Too often entrepreneurs looking for an investment will fail on this basic concept, thereby undermining their own credibility and in the process, often losing an investment which could have been won.
A sale, of any sort, is often promoted based on its future value – that is, the satisfaction or value it will bring to the buyer over the course of its lifetime. At a restaurant, you discuss the presentation of the food, the ambiance, the taste. In a car, you look to comfort of the drive, efficiency, maintainence costs. In an investment, you look at risk and potential for returns.
An investor must be sold on the concept of returns – they will put their money into a business, and get paid returns as the company uses that money to turn a profit. The investor needs to know what kind of risk they might be exposed to, the odds that they will lose their money.
At the end of the day, though, the price paid will be based on the real value today. A business turning a certain amount in profit annually has a value. While each appraiser will come to their own conclusion as to the value, it is some form of all the assets available, plus a multiple of the profits. This number is the basis for any pricing.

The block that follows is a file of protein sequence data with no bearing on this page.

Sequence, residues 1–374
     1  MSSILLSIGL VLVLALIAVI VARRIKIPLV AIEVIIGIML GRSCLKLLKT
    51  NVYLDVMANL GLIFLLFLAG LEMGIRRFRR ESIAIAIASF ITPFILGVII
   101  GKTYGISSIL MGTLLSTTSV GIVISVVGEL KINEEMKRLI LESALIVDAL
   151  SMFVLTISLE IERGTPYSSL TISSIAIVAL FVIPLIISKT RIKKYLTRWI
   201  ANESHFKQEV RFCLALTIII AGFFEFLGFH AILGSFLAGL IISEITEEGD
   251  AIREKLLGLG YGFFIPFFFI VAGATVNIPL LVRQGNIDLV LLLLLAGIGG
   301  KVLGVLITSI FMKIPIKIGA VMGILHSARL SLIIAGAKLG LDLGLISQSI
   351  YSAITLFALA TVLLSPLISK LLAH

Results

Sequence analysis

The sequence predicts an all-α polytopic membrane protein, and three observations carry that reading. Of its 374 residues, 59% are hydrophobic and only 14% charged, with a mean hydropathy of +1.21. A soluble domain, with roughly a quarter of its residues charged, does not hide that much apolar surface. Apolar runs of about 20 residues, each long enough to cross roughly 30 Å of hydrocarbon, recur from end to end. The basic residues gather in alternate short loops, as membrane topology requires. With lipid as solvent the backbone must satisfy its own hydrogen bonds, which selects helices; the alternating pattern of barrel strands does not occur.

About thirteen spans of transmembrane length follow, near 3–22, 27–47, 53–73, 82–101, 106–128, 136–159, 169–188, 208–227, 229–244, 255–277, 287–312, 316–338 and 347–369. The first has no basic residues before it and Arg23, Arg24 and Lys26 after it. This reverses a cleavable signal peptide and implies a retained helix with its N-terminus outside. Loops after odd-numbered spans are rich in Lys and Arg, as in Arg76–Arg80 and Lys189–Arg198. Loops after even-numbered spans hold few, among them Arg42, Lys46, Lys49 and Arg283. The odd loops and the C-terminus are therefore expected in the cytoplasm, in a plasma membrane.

Failing to recognize this, and to sell a product based on its future value, with the price being that of the future value, is foolish. For one thing – it’s not an investment. Even should the predictions prove to be correct, the investor must wait until the future is realized only to get back the exact amount they put into the deal. As soon as they invested, their ownership depreciated to the current value of the company.
For comparison, that like selling someone a stock which you say will be worth $100 per share, is currently worth $50 per share, and you’ll sell it for $75 per share. That’s a lousy investment, with 50% of the investment being lost immediately.
If you want to be taken seriously, market your deal on the promise of tomorrow. But when it comes to pricing, deal with the realities of today.